The very, very first word that came to thought when I walked up the metro steps and met my new city was the world clean. Barcelona was very… clean. I was expecting more of a New York City type deal, and there was literally no resemblance at all. The streets were wide, no crowds, no filth, the sun was beaming and the street seemed happy and it also held the promise of a happy semester.

After becoming turned around quite a few times, to be expected, I eventually got the swing of using the tiny maps near each metro station. The thing about the maps are that they only show you literally 2 streets down from where you are, the one in front of you and the one behind you. It is very difficult to get a good sense of where you are without a bigger map. I have found only this coupled with the scary traffic are the only two bad parts about Barcelona. When you have the walk signal, cars will come at you from speeds of 25 mph and slow down last second and stop right in front of you. It’s very scary and I always think the cars or motorcycles will hit me. If these are the only two things to complain about, I think I picked the right place to call home.

On the other hand, my absolute favorite part of studying abroad has been living with my host family. The Canals. They are simply the nicest family with lots of energy and AMAZING food. I live with Dave, Dolors, Alex, Paul, and their cute doggie, Gina. Dave was born in England and Dolors was born in Catalunya. My first day, Dolors welcomed me with a huge bear hug and two kisses, one for each cheek. This made my heart very happy, and I could tell from that one moment, that I was going to love this family. Alex and Paul are the two sons who are both fluent in three different languages, English (from Dave), Catalan, and Spanish. Alex is 19 years old and Paul is 17. They both speak English to the dad and Catalan to the mom. The parents speak Spanish to each other. It really has been a comical past month living with two boys, which is very different from how I was raised. I think that the best part is not how much I can see they love each other, but how I can see how much they truly care for me, as well. I honestly feel as if I am a member of their family. I think that has a lot to do with how I behave around the house, though. I am always cleaning, even if it is not always my mess, and I am always respectful in addition to extending a helping hand whenever I can.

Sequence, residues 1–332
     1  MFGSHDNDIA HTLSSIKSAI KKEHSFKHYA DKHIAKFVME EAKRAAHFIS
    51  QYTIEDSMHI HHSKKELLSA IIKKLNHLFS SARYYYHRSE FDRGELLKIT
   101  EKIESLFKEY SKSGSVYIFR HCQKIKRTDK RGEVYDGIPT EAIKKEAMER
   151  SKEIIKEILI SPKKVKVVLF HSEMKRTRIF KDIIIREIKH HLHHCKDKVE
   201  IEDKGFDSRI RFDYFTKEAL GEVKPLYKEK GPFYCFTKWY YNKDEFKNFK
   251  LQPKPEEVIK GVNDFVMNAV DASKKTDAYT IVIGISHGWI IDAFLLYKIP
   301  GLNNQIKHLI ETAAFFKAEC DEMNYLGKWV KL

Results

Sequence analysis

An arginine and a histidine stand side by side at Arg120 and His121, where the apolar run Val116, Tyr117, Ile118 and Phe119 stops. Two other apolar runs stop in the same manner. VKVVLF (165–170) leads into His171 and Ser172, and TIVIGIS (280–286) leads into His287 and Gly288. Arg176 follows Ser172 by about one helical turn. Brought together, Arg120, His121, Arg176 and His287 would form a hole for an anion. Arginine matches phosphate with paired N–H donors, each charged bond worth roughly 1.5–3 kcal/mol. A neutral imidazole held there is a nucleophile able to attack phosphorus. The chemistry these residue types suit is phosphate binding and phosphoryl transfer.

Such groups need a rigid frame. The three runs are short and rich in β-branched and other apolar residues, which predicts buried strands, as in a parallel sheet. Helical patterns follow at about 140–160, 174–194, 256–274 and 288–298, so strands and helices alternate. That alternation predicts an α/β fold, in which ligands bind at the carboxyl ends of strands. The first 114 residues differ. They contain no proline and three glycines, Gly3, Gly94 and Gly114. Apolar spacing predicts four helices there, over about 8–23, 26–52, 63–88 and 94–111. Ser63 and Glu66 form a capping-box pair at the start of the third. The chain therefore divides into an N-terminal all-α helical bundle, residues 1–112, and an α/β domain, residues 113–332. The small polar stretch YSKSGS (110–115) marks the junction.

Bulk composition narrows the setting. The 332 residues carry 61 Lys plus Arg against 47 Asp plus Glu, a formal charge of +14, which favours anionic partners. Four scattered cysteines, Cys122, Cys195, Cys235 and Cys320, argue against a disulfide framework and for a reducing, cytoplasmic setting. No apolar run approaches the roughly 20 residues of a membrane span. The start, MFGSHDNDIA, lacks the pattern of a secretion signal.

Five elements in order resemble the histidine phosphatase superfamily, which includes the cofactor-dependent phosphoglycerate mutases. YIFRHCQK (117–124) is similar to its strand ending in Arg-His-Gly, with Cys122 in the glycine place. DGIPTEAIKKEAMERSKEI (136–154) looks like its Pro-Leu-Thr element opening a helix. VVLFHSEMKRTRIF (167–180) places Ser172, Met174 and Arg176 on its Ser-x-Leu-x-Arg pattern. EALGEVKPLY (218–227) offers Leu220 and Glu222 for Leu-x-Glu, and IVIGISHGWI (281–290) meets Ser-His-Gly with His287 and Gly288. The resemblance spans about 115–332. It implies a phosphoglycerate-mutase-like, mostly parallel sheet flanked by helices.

Before I was shipped off to Spain, I had really prepared myself for the emotional rollercoaster in relation to living with a family. I figured there would be times that I would get frustrated, angry, upset, sad, all the negative emotions that lead a person to feeling homesick. However, I can honestly say, that after 5 weeks of living with the Canals, I have not ONCE felt homesick in the slightest. I not only feel so comfortable in their home, I feel loved in their home. I got sick just last weekend, and Dave, my dad, brought me to the hospital at 10pm on a Sunday night and stayed with me until 2am. He paid for the taxicab, and my medications. Alex, my brother, was always checking on me and bringing me hot tea for my sour throat. I think that living with a host family helps me not think about America. It really is heartwarming to have loved ones look after you and treat you importantly. Of course I miss my parents, but not in a dying way. I am definitely no where near ready to be shipped back to America!